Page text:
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Proc Natl Acad Sci U S A. 2005 Sep 6;102(36):12915-20. Epub 2005 Aug 23.

Role of specific hemagglutinin amino acids in the immunogenicity and protection of H5N1 influenza virus vaccines.

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Department of Infectious Diseases, St. Jude Children's Research Hospital, Memphis, TN 38105-2794, USA.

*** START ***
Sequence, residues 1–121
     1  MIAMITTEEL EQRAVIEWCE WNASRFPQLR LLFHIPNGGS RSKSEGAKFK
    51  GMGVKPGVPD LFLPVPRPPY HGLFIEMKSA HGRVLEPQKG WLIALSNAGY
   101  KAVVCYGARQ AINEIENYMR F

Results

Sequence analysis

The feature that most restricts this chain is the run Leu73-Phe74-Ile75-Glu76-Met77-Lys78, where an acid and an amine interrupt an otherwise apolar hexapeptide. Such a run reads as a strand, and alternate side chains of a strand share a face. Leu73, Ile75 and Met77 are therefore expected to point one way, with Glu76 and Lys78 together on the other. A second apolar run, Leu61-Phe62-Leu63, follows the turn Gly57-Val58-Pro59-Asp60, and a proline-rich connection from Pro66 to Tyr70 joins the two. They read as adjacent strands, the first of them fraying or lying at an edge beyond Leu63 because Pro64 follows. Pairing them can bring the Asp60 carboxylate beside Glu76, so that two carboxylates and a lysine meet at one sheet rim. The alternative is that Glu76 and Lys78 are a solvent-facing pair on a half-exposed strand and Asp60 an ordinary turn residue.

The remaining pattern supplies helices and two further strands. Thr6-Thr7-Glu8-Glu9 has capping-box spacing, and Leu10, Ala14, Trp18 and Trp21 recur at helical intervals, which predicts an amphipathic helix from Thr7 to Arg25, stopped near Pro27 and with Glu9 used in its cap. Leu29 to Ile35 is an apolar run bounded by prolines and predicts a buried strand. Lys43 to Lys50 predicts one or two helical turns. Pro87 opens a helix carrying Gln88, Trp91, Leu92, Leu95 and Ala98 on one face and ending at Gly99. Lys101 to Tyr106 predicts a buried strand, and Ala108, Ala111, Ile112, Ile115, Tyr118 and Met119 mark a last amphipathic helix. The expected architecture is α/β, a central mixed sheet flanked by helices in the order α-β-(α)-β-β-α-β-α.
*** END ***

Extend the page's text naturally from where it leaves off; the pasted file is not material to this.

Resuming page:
If H5N1 influenza viruses become transmissible among humans, vaccination will offer the most effective option to limit their spread. Two human vaccine candidates recently generated by reverse genetics are based on antigenically different hemagglutinin (HA) glycoproteins derived from the A/HK/213/03 (H5N1) and A/Vietnam/1203/04 (H5N1) viruses. Their HA1 amino acid sequences differ at 10 positions, one of which (N154) introduces a potential glycosylation site in A/Vietnam/1203/04 (H5N1). To assess the impact of five amino acids in the putative antigenic sites on immunogenicity and immune protection, we generated a series of whole-virus vaccines that differed only in one or two HA amino acids. Sera from ferrets vaccinated with these inactivated preparations had high virus neutralization titers, but their hemagglutination inhibition (HI) titers were usually low. Interestingly, a recombinant virus in which the HA amino acid S223 (characteristic of 2004 viruses) was converted to N223 (as in A/HK/213/03) resulted in higher HI titers. This observation indicates that specific HA residues, such as N223, increase the sensitivity of the HI assay by altering receptor specificity and/or antibody-antigen binding. Ferrets vaccinated with mutant vaccine viruses were protected against lethal challenge with wild-type A/Vietnam/1203/04 virus. Our results suggest that inclusion of the N223 residue in the HA glycoproteins of diagnostic reference viruses may facilitate the evaluation of vaccine efficacy in humans.

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